But it is not only Beersheva. To the south of the city, the army “town” (Ir Habahdim) is expected to have a major impact on the region as these families participate in, and strengthen, the civilian and educational infrastructure.
Ben-Gurion University is geared up to meeting this challenge during the next five years, as it prepares itself for a significant increase in numbers of students and faculty. In addition to the special programs aimed specifically at the military personnel, the university aims to absorb the spillover effect of increased numbers of local residents who will desire to study or work at the university.
The extension of the country’s rail network to Eilat is also back on the planning agenda. This is not the first time that such a plan has been discussed by the government, but it has never previously reached the advanced stage of planning it has at present. The active opposition of the environmentalist lobby would indicate that something is actually happening.
The investment in the rail link will be massive, but could bring about a substantial increase in tourism and trade revenue, benefiting many of the relatively isolated communities along the country’s southern Arava route.
Perhaps it sounds a bit of a dream, but just as with the Red-Dead Canal, which is now being constructed in a series of tunnels by Jordan on its side of the shared border and which could have potential benefits to Israel, so too the rail link, to be constructed entirely on the Israeli side of the border, could bring advantages to Jordan. And if we are dreaming, imagine a situation in which the road along the Arava would go south on one side of the border and north on the other side, putting an end to many of the traffic accidents which take place along this route. A stable cross-border regime along the length of the Israel-Jordan border, sharing water, road and rail infrastructures, would, in turn, bring about a degree of economic development and potential international investment which has been lacking from this region – despite the peace agreement – until now.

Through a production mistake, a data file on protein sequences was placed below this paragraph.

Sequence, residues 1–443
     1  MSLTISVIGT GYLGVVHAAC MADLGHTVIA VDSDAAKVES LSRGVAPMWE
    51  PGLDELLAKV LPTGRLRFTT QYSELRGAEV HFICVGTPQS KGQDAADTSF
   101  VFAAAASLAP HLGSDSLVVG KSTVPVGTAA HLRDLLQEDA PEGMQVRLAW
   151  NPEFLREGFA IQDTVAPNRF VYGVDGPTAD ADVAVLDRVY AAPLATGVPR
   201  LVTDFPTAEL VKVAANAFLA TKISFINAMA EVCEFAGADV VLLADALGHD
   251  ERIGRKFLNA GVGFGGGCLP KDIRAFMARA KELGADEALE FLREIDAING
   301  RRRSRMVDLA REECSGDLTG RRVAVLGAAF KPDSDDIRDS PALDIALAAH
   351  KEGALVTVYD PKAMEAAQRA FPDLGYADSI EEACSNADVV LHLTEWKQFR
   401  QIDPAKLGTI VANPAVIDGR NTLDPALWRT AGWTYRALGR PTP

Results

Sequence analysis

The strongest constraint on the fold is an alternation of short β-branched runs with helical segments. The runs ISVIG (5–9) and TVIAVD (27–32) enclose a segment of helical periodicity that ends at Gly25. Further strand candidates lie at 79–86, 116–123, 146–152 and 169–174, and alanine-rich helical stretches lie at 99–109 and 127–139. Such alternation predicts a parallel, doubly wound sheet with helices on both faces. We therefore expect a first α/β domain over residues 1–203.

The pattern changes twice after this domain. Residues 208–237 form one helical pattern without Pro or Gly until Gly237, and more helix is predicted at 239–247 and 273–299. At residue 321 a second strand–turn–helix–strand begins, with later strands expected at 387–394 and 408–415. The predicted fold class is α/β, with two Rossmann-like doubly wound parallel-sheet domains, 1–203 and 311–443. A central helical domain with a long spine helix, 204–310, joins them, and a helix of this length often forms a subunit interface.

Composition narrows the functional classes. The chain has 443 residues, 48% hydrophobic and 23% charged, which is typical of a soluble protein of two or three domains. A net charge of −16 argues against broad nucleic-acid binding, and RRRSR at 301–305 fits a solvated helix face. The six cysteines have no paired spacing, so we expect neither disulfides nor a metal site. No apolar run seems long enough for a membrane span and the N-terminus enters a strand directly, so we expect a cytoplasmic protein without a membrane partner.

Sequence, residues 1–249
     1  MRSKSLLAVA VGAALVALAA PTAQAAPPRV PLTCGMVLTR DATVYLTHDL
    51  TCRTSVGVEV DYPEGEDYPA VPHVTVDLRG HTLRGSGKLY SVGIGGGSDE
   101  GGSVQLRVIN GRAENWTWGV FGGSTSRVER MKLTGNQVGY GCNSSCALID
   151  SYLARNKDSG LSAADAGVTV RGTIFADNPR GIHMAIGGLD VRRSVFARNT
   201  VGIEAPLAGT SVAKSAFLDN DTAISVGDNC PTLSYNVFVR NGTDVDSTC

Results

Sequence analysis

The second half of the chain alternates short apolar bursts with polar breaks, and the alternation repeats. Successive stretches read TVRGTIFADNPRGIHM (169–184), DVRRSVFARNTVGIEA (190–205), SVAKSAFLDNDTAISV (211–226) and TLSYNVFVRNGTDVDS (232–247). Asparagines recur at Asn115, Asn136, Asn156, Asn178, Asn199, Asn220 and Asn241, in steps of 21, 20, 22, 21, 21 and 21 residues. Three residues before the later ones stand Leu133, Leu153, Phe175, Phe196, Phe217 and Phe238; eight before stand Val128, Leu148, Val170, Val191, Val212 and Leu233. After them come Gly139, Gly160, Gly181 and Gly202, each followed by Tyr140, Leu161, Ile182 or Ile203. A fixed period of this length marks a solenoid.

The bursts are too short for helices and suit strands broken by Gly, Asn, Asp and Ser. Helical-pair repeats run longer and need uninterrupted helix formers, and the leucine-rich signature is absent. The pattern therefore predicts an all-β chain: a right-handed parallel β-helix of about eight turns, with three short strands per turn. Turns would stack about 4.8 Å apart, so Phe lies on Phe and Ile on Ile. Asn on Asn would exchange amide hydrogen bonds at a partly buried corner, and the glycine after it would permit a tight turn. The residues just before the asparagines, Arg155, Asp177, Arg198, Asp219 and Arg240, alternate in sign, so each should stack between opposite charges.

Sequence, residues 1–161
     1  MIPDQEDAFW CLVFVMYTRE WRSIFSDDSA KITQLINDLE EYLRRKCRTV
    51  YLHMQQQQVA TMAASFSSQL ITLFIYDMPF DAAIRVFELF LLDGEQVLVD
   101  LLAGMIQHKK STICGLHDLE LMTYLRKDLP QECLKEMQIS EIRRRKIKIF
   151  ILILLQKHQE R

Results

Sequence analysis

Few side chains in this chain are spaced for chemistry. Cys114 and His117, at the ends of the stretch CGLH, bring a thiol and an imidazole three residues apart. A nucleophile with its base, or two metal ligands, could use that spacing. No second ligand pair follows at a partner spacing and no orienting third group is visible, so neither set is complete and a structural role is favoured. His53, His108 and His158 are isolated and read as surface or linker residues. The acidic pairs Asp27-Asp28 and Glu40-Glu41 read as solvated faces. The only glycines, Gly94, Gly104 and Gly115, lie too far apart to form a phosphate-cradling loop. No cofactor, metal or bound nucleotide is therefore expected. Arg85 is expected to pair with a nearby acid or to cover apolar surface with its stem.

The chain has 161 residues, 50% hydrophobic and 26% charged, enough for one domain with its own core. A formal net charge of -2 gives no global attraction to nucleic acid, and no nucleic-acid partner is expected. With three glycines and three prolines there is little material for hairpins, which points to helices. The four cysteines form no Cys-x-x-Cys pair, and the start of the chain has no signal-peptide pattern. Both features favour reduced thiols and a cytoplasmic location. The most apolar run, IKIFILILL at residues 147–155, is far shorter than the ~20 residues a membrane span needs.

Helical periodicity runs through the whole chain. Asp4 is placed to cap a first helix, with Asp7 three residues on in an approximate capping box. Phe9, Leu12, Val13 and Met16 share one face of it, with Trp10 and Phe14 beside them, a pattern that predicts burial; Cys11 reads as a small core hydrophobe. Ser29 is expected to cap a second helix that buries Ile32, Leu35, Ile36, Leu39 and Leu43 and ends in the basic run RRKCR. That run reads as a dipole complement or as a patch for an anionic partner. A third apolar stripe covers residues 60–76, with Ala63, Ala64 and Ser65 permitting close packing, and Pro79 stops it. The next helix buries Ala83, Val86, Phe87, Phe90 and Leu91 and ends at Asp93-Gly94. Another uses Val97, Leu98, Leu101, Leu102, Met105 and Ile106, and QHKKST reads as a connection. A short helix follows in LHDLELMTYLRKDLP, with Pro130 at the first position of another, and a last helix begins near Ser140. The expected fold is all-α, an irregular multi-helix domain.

There is also the construction of the new international airport to the north of Eilat, at Timna. Vacating the existing airfield at the northern entrance to the city will enable further urban expansion and development to take place in this Red Sea resort and port city with all the expected social, economic and tourism benefits.
So if next week you find yourself sitting in one of those annoying traffic snarl-ups, with Israeli drivers honking their horns, impatient children demanding to know when they will arrive, a spring hamsin (heatwave) making the transportation conditions unbearable, and matza crumbs littering the floor in direct competition with the particles of sand coming through the window, close your eyes for a few moments and dream.
Dream of a year (or perhaps two) from now when the transportation infrastructure has been completed and the region has become even more accessible than at present.
Imagine the major social and economic development which, this time, may actually occur and which will help the Negev shed its self-denigrating “periphery” status.
There are problematic issues to be addressed in an equitable manner, notably the participation of the regions’ Beduin population in the development spin-off, and the need to maintain a balance between gung-ho development and environmental protection. These matters cannot be pushed aside, but given proper planning they too can be addressed for the benefit of all.
For my part, as a resident of the region and traversing these same roads on a daily basis, I’ll stick it out at home.
You are welcome to visit.
The writer is dean of the faculty of humanities and social sciences at Ben-Gurion University. The views expressed are his alone.